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For decades, this 1960’s oil painting by Davis Quinn hung in the study of my summer neighbor, Allan Perry, a grandfather figure to me. He had known Louis Armstrong (as well as Duke Ellington), and he regaled my late-teenage self with jazz stories, including those about road trips where he’d roll joints for trombonist Pee Wee Hunt and other friends in the Casa Loma Orchestra. He’d sometimes get teary (I found such sentimentality awkward but easily bearable), and then he’d have me spin some LPs and we’d be swingin’ again.
Not much is known about Davis Quinn, but some biographical information can be obtained from a 12-page monograph titled “Swing Street Revisited”: The Paintings of Davis Quinn. He had been an executive of Chubb & Son, a significant Wall Street insurance firm, as well as an amateur painter and banjo player. He played in jazz bands during high school and at Cornell University, where he studied art, and furthered his studies at the Art Students League of New York. As far as I can tell, he only recorded on one album: A Night at Jimmy Ryan’s, led by clarinetist Tony Parenti; perhaps for the best, he takes no solos and primarily disappears into the background.
Shortly after Quinn’s retirement from the insurance industry in 1965, he started making small portraits of musicians that became a permanent part of the New York jazz club Jimmy Ryan’s, and in 1969 he published an article in American Artist that discussed the nature of his jazz-inspired portraits. “An interest in traditional (Dixieland) jazz,” he explained, “catalyzed my efforts in painting to do studies of ‘name’ greats in this fascinating if minor field. As jazz is a hard-hitting, intense, and highly creative music, I try to catch the action in the picture, the facial expression of hard playing, plus correct fingering and drawing of the instrument being played.” After a fairly pedantic discussion of his painting process — probably a direct request by the publication’s editors — Quinn concludes with a humble and heartfelt summary:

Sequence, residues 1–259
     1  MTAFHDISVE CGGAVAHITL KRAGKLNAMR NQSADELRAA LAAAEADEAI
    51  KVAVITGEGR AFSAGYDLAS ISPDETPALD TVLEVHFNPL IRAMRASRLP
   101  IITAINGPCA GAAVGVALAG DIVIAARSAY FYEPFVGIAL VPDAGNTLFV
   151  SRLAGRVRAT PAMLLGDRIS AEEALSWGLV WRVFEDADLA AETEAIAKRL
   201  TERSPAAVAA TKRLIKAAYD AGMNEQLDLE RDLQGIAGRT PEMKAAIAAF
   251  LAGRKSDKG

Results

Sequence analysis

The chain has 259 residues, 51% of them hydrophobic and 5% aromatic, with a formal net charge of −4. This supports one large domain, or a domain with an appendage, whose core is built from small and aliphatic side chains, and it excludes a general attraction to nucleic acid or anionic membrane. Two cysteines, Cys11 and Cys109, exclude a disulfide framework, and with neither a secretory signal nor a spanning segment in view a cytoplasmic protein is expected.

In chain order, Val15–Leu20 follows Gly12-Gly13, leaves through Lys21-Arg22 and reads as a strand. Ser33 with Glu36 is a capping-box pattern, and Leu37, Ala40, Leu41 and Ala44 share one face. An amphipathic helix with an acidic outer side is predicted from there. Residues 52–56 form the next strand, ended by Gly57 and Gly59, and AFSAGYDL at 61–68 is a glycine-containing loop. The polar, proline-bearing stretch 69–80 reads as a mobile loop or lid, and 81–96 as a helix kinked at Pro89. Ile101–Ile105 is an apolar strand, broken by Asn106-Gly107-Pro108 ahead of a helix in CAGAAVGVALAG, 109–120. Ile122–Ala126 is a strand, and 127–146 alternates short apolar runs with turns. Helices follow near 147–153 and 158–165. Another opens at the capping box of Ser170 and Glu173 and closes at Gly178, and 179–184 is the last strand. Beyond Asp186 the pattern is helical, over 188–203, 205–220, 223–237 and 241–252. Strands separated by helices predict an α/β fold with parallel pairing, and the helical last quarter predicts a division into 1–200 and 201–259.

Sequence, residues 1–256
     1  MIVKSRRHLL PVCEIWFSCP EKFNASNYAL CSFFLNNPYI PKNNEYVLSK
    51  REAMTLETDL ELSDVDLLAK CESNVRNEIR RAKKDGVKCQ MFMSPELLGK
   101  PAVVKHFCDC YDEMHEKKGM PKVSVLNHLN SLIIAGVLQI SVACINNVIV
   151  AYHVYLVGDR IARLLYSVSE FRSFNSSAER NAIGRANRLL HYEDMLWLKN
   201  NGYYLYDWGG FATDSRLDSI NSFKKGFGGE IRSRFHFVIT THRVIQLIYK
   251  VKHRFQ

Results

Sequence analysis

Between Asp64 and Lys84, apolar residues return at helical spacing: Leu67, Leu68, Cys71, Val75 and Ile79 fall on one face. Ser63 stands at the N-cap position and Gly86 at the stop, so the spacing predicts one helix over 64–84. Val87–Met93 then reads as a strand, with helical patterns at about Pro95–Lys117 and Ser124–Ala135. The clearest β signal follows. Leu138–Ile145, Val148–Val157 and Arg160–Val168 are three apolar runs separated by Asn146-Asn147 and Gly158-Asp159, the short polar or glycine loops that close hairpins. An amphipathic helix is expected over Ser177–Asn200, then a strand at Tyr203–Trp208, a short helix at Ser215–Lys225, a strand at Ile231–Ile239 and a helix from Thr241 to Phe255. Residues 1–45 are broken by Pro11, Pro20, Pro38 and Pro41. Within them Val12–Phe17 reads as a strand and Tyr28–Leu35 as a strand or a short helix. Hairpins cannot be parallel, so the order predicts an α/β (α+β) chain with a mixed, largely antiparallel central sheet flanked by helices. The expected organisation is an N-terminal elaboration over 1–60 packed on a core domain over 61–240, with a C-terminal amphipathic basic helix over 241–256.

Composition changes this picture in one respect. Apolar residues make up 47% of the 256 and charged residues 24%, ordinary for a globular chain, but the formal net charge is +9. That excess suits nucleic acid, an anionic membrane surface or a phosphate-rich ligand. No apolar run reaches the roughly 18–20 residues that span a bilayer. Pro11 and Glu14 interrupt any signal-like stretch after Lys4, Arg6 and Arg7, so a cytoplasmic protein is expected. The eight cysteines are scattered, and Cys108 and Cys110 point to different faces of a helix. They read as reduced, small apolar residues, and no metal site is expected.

Painting is my avocation; the story of my work is a story of short cuts because of limited time. Although I had some formal education in art, I like to think of myself as self-taught, having learned more and better from books and from studying the works of those painters whom I consider talented and from endless visits to galleries and museums. If I have learned anything, it is that there is much more to learn. But this does not slow my efforts to try to catch, in these quick “paint-sketches,” some of the beauty and struggle and greatness of the men who have given us this wonderful music.
Both Allan Perry and Davis Quinn died in 1984, and the summer after Allan passed, his wife, Ruth, gave me the framed painting. “This was part of your world with Allan,” she said, “not mine.” And because I’m looking more deeply than ever before at the canvas, I find myself drawn to the liquid, raised pupils that seem to be seeing sound. I admire the texturing of the white background that travels through his face and functions in a more sophisticated way than my young self ever acknowledged. I like very much how the tips of Armstrong’s fingers bend just enough to suggest a forthcoming phrase.
More than any individual feature, however, the portrait as a whole brings me back to that study on Cape Cod, with Allan luxuriously marooned in his lounge chair, sipping on something sweet and getting misty over tales from the big band era. As I’ve grown older, his sentimentality has become mine. - Sacha Feinstein